Post to exercise emergency preparedness plan July 2
Story by: Julie Fiedler
1ST INF. DIV. POST
A full-scale exercise will take place throughout the day July 2 at Fort Riley as a way to test and train the installation's emergency preparedness.
"It's an (Installation Management Command) requirement that every year we conduct a full-scale exercise to test, sync and evaluate all of our emergency response processes and procedures," said Steve Crusinberry, chief, Operations and Plans Division, Directorate of Plans, Training, Mobilization and Security.
Residents, employees and community members should be aware that there will be an increase in emergency response vehicles during the exercise.
Additionally certain roads may be closed to through traffic as part of the exercise, so drivers should be prepared for detours and allow extra time when traveling on Main Post.
"People will still be able to get to Henry (Access Control Point) in and out of post," said Ward Philips, chief, Plans and Protection Branch, DPTMS. "But they're not going to be able to just drive through (exercise areas)."
Signs also will indicate areas designated for the exercise; however, community members are encouraged not to stop as that could cause further delays or interfere with the exercise, Crusinberry said.
This year's full-scale exercise will feature an insider threat active-shooter scenario.
"We have to be prepared for the full spectrum of threats that (could face) the installation," Crusinberry said. "We just need to be sure that we're prepared to respond to just about anything out there. I think we do a pretty good job of that."
In the past, full-scale exercise scenarios have included chemical accidents, tornadoes, aviation accidents, terrorist attacks and more.
"We try to do something different every year that's going to help us work our processes in different things," Philips said. "There's a variety of challenges that we need to be prepared to respond to – anything from a weather event to a criminal event to some type of chemical accident to a large traffic accident ... This year, we're doing more of a law enforcement shooter (scenario)."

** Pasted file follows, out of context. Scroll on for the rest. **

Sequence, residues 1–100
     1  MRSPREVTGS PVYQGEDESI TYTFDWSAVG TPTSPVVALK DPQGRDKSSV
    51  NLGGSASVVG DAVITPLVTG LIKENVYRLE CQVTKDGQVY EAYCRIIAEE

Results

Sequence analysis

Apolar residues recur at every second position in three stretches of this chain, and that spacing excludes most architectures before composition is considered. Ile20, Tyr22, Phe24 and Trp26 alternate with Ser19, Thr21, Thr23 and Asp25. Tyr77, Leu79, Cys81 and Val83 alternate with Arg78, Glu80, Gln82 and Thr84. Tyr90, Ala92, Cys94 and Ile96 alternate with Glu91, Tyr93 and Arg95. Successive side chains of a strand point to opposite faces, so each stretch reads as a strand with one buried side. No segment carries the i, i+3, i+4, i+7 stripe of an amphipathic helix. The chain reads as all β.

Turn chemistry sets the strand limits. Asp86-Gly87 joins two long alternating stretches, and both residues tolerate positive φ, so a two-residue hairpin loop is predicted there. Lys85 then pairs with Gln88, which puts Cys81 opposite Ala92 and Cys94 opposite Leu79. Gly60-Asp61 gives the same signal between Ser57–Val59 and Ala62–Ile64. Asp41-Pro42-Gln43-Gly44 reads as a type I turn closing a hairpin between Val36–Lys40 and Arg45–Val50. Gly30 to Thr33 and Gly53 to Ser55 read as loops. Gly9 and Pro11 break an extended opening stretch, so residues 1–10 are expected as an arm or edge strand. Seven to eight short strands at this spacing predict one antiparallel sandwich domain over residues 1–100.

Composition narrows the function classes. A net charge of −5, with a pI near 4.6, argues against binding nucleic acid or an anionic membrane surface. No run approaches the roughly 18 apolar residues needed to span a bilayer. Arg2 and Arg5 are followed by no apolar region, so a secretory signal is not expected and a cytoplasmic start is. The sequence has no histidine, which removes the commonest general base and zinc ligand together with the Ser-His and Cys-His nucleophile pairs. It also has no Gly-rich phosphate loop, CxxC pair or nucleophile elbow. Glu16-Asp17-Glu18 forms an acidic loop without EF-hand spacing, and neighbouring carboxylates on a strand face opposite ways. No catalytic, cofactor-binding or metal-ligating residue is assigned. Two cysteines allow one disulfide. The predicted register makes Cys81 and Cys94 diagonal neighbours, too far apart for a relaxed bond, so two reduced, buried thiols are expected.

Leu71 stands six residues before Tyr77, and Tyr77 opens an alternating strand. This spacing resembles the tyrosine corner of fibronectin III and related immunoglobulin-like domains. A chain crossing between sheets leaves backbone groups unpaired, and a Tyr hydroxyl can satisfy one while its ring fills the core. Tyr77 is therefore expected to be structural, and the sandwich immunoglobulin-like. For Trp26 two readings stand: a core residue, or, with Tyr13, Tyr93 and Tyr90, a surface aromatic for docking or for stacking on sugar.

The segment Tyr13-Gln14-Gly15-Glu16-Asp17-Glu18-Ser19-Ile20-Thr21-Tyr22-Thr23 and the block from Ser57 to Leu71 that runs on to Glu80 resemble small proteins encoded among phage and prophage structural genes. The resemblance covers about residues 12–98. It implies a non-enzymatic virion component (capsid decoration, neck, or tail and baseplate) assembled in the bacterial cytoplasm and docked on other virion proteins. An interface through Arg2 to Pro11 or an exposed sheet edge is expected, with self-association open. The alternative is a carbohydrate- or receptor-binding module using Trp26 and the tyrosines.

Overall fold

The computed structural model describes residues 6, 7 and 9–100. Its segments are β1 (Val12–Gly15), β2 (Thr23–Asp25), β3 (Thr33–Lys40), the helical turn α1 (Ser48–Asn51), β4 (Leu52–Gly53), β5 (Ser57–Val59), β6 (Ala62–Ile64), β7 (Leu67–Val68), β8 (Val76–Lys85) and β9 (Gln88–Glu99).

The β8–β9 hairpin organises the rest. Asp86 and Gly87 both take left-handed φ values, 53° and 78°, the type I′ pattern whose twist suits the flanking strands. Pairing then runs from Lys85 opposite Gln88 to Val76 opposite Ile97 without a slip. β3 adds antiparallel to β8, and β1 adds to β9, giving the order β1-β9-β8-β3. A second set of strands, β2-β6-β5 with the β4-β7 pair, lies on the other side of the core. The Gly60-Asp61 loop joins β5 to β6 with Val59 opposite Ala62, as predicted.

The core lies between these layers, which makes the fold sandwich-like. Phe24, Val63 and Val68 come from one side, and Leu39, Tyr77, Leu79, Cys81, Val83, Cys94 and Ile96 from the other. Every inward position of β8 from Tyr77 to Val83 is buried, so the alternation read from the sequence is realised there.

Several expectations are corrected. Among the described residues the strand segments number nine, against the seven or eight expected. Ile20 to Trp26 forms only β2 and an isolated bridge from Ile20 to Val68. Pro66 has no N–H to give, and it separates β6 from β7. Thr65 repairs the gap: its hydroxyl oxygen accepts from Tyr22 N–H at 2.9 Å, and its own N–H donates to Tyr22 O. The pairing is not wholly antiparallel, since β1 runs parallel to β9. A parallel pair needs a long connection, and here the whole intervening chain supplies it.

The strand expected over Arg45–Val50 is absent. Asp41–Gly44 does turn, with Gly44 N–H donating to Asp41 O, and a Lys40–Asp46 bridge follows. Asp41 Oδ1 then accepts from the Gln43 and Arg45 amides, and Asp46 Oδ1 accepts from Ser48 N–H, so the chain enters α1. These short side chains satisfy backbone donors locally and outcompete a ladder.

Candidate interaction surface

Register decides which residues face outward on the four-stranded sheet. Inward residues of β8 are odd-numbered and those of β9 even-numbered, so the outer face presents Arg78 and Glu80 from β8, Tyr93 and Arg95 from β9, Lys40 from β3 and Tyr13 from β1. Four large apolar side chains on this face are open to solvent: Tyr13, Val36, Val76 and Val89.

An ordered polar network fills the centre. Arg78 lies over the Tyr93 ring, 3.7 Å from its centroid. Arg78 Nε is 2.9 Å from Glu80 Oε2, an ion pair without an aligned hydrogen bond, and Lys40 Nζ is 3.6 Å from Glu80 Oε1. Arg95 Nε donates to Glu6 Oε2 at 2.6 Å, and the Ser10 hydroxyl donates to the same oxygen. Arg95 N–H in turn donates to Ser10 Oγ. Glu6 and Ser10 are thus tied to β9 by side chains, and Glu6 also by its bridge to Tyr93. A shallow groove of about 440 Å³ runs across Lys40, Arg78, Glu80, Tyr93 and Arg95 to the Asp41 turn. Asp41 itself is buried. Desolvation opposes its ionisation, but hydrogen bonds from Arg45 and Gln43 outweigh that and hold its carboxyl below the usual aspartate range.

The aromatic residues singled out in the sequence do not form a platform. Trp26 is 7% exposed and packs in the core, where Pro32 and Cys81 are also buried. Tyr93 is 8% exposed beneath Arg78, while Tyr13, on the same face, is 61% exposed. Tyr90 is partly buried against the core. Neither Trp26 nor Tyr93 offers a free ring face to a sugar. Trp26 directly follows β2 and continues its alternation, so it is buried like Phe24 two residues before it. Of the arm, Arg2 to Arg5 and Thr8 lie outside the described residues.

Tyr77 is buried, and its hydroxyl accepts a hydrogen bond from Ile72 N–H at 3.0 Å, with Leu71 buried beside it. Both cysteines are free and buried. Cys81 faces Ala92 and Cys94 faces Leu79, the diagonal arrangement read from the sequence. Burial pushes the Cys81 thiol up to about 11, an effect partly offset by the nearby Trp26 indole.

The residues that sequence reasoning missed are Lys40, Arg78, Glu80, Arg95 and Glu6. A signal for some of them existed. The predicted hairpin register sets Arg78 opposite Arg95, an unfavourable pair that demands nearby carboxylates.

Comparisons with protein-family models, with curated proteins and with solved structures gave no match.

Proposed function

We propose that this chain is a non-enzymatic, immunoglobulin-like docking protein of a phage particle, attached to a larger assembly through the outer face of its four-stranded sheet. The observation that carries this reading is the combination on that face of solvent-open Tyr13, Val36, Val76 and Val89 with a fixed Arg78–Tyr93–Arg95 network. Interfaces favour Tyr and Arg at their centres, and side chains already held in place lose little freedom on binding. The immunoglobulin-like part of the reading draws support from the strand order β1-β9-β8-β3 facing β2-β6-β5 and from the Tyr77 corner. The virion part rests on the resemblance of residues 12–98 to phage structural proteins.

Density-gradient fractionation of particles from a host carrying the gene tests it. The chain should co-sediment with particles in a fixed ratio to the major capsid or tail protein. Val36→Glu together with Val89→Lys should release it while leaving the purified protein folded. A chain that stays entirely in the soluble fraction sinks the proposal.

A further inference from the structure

During the exercise, participants will test and evaluate the command and control, or C2, nodes, including the emergency operations center, incident command post, Family assistance center, press information center, casualty assistance center and the Fort Riley Operations Center, Crusinberry said.
Additionally, nearly 20 off-post partners will be involved in the exercise including the Red Cross and Army North's Region VII Defense Coordinating Element staff out of Kansas City.
"They're helping us manage the event in addition to the mutual aid type response," Philips said of their community partners. "They're important to help us pull this off because they're providing a lot of the manpower to make it happen behind the scenes as well as participate in the actual response piece."
Irwin Army Community Hospital also will be involved by testing its mass casualty response as well as medical evacuation procedures.
"By testing all of our C2 nodes, by testing the hospital with the mass casualty exercise, working with our regional partners – it helps to coordinate all of our efforts so we understand what needs to occur when we have a large-scale disaster or emergency. We're going to train it, and we hope that we never have to execute it on this type of scale. By training it if we do have to ever do it on a large scale, we're better prepared, Crusinberry said.
"Our whole goal is to respond, mitigate and get the installation back to normal and the region back to normal just as quickly as we can. What's the bottom line? We just want to take care of our Soldiers and our Families. That's what it's all about."